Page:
You would first have to medically prove that your mother actually has dementia. You would then have to prove that her dementia is severe enough that it is a disability in the sense that she cannot function mentally the same way that a normal person would.
If you are able to prove that your mother is impaired by a mental and/or physical deficiency,illness,or disability to the extent that she permanently or temporarily lacks sufficient understanding to engage in responsible actions or make rational decisions, then the insurance company would be acting in good faith to invalidate the policy. The insurance policy may even have a clause or some type of verbiage within it's operating procedures or policies that would enable them to invalidate the policy under the circumstances that your mother is in fact disabled by her dementia to the point that she cannot make rational decisions or engage in responsible actions.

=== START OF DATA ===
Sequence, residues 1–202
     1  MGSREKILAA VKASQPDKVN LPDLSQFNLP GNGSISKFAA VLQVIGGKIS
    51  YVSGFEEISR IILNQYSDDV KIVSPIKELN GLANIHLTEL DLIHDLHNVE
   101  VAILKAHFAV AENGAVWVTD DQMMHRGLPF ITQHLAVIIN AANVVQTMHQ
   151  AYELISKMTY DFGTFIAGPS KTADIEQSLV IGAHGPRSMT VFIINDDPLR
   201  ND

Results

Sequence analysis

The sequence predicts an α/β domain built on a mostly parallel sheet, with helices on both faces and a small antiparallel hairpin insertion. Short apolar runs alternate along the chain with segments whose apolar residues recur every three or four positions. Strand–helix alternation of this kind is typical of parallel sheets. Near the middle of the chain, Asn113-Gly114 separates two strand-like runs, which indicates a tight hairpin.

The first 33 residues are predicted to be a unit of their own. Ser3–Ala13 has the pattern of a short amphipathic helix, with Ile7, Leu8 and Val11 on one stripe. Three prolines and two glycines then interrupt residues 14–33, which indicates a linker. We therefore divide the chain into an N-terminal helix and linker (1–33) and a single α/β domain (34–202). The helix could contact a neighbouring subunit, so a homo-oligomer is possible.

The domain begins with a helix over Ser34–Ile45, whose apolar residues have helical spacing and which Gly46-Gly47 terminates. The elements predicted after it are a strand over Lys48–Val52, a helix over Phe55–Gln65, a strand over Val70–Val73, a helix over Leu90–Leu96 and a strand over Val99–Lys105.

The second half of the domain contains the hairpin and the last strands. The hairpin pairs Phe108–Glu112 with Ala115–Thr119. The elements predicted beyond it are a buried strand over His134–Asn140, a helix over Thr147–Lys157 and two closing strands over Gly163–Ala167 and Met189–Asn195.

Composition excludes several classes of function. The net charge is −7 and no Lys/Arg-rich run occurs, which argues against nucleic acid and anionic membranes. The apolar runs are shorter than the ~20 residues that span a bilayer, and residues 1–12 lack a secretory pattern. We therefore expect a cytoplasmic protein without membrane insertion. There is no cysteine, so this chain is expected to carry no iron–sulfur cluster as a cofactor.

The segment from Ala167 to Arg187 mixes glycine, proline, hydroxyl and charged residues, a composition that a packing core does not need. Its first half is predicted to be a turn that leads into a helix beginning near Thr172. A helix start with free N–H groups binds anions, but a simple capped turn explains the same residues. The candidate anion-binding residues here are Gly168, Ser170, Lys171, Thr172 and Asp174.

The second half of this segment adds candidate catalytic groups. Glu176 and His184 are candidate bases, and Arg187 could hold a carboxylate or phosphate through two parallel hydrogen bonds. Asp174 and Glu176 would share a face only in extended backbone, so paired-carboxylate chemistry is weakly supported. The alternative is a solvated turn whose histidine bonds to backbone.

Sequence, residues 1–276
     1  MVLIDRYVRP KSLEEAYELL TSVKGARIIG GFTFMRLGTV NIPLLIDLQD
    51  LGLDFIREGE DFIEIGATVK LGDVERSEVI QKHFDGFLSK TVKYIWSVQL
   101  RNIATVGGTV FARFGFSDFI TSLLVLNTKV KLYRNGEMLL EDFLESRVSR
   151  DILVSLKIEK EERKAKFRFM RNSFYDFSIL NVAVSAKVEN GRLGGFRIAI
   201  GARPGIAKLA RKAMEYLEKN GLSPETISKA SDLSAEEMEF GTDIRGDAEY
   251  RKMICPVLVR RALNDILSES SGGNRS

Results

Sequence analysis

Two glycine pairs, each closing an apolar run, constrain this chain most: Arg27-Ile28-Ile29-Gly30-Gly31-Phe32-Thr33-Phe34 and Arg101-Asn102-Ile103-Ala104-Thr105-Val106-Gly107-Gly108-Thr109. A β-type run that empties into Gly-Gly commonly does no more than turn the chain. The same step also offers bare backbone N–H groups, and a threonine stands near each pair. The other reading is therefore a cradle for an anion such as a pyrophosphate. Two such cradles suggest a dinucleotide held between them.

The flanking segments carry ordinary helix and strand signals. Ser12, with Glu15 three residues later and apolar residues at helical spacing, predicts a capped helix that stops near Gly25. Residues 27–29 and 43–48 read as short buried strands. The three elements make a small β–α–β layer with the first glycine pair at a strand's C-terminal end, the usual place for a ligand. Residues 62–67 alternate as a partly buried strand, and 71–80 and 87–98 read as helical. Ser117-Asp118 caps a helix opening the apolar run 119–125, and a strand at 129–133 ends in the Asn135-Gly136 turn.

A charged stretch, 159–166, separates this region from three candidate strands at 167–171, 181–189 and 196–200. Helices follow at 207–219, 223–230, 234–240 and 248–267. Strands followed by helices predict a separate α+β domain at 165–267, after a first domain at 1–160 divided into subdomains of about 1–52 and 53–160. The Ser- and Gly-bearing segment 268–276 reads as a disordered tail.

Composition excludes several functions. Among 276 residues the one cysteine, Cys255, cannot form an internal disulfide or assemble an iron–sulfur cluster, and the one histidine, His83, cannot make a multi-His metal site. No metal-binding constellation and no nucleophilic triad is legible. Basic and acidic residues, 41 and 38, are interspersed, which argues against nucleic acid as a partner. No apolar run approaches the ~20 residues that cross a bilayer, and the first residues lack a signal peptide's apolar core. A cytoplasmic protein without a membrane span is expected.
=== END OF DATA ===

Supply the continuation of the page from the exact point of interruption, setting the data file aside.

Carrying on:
All of this would be valid if at the time that she was forced by the family member to sign the policy, she was disable at the time. It would not be valid if she signed the policy and then developed the condition of dementia disabling her mental ability later on.
The family member who forced her to sign the document at the time she was incapacitated would also face some repercussions from the act. The insurance policy must contain in it's verbiage a section that defines this type of action and then asks for the signature to make sure that the person is aware and if they were not aware because they were incapacitated, then the signature would act as proof that she was forced to sign the document unlawfully.